In chapter 11 of his book Sacred Word, Broken Word: Biblical Authority and the Dark Side of Scripture, Kent Sparks tackles the question of whether our Christian theology should be limited to the Bible. In the opening paragraph (p. 118) Sparks says “no,” that we must “move beyond Scripture’s discourse” and attend to other “voices”–four in all:
Spirit, Cosmos, Tradition, Experience
I realize some will quickly chime in, “No, no. Only the Bible! There is no other foundation upon which to base Christian theology.”
Sparks points out, however, is that these other voices, ironically, have biblical precedent–at least the first three on the list do. I would also add that I’ve never know anyone to “stick to the Bible” in some pure sense. We all move Beyond the Bible more quickly that even “purists” realize.
The Voice of the Spirit–The Spirit of God is active in the life of the church and the world today, has always been, and his voice cannot be reduced to “the Bible.” Sparks refers to Acts 15, where the apostles made a decision that “seemed good to the Holy Spirit and to us” (Acts 15:28) that the gentiles be included without placing on them the burden of getting circumcised and obeying the Law of Moses (v. 5, which is what the Bible required of gentiles). This decision was made in dialogue with Scripture (vv. 16-18 citing creatively Amos 9:11-12) but not with Scripture as giving a clear command.
The Spirit was needed for that and the Spirit “pushed” the early church to move in a certain direction beyond what the Bible says and what the current cultural situation dictated. The Spirit is not bound by the Bible, in part because if that were the case, the Spirit could be controlled by exegesis, which is the temptation for all Christian demagogues.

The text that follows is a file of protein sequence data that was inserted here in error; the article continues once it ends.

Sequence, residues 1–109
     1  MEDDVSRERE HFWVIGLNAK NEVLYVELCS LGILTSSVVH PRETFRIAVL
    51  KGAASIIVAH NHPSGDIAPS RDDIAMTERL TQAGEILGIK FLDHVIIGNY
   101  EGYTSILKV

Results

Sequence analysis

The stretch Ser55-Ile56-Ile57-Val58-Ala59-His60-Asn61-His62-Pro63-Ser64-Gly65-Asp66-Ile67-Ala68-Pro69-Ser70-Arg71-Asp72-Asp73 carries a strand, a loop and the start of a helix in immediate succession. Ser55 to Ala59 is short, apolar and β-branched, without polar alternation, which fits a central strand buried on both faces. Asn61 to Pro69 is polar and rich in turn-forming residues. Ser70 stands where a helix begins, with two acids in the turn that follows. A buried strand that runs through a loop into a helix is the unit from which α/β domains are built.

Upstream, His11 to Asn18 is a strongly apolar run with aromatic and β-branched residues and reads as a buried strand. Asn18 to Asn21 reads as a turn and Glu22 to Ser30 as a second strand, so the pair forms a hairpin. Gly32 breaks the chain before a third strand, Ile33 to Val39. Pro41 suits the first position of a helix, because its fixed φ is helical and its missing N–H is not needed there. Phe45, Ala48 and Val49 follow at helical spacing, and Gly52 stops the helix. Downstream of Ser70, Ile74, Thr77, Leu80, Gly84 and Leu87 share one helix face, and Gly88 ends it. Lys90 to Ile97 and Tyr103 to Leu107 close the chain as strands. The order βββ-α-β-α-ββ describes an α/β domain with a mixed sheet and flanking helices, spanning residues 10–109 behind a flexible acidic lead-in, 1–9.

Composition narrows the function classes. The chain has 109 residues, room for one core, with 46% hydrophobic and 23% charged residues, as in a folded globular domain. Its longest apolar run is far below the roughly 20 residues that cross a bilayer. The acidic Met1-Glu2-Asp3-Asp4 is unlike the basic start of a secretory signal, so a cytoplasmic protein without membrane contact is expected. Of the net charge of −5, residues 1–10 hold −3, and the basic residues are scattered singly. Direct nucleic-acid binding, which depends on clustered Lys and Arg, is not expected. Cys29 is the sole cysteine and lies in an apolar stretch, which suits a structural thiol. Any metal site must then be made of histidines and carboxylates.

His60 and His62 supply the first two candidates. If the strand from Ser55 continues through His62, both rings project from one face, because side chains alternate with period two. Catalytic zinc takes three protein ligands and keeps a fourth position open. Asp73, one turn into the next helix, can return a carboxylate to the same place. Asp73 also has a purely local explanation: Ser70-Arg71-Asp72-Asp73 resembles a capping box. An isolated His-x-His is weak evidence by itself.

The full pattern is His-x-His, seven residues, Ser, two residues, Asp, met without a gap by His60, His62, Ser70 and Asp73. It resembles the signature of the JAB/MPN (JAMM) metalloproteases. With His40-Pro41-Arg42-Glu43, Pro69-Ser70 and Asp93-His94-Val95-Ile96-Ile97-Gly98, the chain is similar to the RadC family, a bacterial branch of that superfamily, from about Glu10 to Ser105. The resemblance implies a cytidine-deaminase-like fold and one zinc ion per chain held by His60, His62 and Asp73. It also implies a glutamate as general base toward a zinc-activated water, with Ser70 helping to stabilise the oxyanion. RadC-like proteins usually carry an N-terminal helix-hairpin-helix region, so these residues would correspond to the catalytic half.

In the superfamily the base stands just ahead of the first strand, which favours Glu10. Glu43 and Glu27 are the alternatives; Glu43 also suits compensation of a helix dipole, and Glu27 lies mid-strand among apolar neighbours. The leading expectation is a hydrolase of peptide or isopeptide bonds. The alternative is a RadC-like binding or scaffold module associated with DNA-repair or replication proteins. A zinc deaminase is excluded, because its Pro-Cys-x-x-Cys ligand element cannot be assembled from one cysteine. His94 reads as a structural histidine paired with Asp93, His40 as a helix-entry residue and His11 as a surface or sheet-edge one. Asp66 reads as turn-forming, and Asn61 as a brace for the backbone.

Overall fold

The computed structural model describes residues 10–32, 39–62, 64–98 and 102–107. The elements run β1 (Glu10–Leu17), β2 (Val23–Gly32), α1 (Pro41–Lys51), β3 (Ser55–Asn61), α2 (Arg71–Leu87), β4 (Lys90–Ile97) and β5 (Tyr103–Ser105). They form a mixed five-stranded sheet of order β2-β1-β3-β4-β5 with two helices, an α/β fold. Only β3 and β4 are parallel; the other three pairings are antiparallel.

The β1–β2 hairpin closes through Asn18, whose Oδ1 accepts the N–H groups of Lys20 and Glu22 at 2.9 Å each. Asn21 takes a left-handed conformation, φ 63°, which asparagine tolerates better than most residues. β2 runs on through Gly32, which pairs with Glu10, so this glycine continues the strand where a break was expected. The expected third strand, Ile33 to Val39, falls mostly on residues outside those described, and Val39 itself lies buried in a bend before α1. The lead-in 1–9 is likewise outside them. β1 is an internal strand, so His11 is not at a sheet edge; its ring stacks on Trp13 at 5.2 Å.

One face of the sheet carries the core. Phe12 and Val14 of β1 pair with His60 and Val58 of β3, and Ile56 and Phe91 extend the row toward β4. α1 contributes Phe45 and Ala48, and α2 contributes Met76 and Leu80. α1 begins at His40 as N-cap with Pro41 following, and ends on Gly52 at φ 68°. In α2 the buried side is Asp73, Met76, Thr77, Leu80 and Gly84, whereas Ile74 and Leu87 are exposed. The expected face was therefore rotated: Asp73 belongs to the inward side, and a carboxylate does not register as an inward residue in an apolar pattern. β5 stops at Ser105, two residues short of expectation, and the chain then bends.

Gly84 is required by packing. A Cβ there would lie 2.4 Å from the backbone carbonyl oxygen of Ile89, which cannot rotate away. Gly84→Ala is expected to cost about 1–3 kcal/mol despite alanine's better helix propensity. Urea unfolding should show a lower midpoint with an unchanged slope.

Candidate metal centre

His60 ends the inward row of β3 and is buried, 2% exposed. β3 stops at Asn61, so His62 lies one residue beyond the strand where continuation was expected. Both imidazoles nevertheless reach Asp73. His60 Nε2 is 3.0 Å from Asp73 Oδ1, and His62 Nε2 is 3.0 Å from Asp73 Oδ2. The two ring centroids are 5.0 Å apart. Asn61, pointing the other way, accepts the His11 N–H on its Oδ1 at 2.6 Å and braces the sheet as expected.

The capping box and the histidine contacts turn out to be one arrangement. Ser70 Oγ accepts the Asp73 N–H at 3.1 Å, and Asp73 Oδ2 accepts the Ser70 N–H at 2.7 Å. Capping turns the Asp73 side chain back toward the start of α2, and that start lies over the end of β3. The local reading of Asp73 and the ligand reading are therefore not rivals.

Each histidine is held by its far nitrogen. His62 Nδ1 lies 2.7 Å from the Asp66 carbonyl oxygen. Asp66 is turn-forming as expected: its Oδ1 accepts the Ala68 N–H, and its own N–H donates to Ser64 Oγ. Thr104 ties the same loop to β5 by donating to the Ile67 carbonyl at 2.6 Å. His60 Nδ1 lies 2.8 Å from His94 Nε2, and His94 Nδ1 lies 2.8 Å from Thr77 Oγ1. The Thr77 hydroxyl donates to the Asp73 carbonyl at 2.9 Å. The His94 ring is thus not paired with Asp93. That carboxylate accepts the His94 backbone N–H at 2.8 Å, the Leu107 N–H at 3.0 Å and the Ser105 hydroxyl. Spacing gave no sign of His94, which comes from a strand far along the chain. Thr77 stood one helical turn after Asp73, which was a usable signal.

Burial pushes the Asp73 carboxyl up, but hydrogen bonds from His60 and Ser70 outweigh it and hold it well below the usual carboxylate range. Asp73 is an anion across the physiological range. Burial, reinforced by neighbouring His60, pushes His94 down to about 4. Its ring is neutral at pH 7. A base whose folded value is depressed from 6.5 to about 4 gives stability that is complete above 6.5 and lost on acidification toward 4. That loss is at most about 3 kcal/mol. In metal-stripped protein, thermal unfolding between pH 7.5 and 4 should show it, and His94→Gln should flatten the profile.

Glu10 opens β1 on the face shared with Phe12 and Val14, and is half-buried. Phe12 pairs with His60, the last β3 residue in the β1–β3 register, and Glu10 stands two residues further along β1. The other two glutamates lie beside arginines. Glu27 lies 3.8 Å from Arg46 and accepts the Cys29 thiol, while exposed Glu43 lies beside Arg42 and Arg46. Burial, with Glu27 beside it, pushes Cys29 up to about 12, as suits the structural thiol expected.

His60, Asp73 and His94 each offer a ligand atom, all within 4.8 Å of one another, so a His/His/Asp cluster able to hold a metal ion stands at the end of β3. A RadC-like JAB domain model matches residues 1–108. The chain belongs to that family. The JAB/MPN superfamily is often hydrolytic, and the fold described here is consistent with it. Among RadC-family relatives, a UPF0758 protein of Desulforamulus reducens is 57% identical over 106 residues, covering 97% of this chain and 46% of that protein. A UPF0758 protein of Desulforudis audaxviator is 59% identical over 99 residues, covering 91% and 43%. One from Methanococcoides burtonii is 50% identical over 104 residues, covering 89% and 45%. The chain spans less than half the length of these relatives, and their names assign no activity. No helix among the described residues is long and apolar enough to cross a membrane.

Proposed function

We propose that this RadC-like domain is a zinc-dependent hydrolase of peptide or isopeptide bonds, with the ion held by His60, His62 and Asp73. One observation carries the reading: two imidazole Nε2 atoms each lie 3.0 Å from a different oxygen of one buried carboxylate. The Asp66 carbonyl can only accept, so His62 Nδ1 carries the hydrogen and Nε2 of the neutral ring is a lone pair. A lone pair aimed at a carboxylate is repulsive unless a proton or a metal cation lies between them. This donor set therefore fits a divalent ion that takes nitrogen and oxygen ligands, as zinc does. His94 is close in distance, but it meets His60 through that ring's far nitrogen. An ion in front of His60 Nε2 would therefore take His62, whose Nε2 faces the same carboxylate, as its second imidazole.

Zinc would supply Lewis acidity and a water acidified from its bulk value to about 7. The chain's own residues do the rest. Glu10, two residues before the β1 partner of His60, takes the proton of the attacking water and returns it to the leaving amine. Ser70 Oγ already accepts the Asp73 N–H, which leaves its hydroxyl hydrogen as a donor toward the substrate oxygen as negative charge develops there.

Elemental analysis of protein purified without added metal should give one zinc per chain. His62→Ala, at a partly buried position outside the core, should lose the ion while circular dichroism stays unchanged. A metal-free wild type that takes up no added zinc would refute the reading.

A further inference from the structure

The Voice of the Cosmos–According to Psalm 19:1-4, “the heavens declare the glory of God….” The implication for Sparks is that every area of human inquiry “may provide vital resources for theological reflection” (v. 122). He then applies this to the on-going debate among some Christians over evolution. Pitting science “against” Scripture misunderstands a vital truth: Scripture is not prepared to provide every type of knowledge all by itself.
The Voice of Tradition–The New Testament itself speaks of tradition that is passed down and taught to later generations (2 Thessalonians 2:15; 1 Corinthians 11:2). Our own understanding of “tradition” today, Sparks argues, should be a broad, catholic, understanding, where “tradition” is not one small authoritarian voice of a particular denomination or sliver of theological tradition, but “a family of closely related traditions that have different but overlapping judgments about Scripture, theology, and Christian practice” (p. 127).
The Voice of Experience–Sparks is using the word “experience” in the broadest sense to include religious experience (sometimes associated with mysticism) and experience of everyday life, whether of the world around us or perceiving our own thoughts and ideas. “Experience” understood this way clearly brings into the picture the active work of the Spirit in our lives, mentioned above. Experience is a way of talking about who we are and where we’ve been, the sum total of our conscious being. Our theological reflections are never divorced from who we are.
Some of you will no doubt recognize in Sparks’s list some overlap with the Wesleyan Quadrilateral (Scripture, tradition, reason, experience) and the Episcopalian three-legged stool (Scripture, reason, tradition). We see in the larger Christian tradition models waiting for us that understand the inevitability and wisdom of “going beyond the Bible” in our quest to live lives of Christian wholeness.
The first post in the series can be found here.]